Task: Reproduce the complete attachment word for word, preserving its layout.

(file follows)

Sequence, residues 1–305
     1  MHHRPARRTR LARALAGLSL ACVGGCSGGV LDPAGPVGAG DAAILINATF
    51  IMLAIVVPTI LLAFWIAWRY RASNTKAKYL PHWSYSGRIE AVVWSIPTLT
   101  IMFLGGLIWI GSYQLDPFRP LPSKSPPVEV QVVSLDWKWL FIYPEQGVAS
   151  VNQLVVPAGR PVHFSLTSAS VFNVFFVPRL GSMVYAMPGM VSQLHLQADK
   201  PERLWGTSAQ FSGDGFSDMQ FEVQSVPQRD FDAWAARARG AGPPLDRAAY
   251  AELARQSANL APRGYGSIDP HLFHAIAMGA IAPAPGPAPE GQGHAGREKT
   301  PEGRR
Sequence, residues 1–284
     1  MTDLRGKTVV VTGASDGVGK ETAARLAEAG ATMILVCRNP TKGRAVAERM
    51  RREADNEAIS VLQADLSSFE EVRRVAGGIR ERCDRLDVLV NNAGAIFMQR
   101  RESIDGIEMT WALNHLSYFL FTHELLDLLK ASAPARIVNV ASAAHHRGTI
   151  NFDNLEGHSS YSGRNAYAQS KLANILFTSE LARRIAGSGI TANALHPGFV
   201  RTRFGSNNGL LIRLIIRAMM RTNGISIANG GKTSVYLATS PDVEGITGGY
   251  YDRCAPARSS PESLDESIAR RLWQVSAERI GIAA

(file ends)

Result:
Sequence, residues 1–305
     1  MHHRPARRTR LARALAGLSL ACVGGCSGGV LDPAGPVGAG DAAILINATF
    51  IMLAIVVPTI LLAFWIAWRY RASNTKAKYL PHWSYSGRIE AVVWSIPTLT
   101  IMFLGGLIWI GSYQLDPFRP LPSKSPPVEV QVVSLDWKWL FIYPEQGVAS
   151  VNQLVVPAGR PVHFSLTSAS VFNVFFVPRL GSMVYAMPGM VSQLHLQADK
   201  PERLWGTSAQ FSGDGFSDMQ FEVQSVPQRD FDAWAARARG AGPPLDRAAY
   251  AELARQSANL APRGYGSIDP HLFHAIAMGA IAPAPGPAPE GQGHAGREKT
   301  PEGRR
Sequence, residues 1–284
     1  MTDLRGKTVV VTGASDGVGK ETAARLAEAG ATMILVCRNP TKGRAVAERM
    51  RREADNEAIS VLQADLSSFE EVRRVAGGIR ERCDRLDVLV NNAGAIFMQR
   101  RESIDGIEMT WALNHLSYFL FTHELLDLLK ASAPARIVNV ASAAHHRGTI
   151  NFDNLEGHSS YSGRNAYAQS KLANILFTSE LARRIAGSGI TANALHPGFV
   201  RTRFGSNNGL LIRLIIRAMM RTNGISIANG GKTSVYLATS PDVEGITGGY
   251  YDRCAPARSS PESLDESIAR RLWQVSAERI GIAA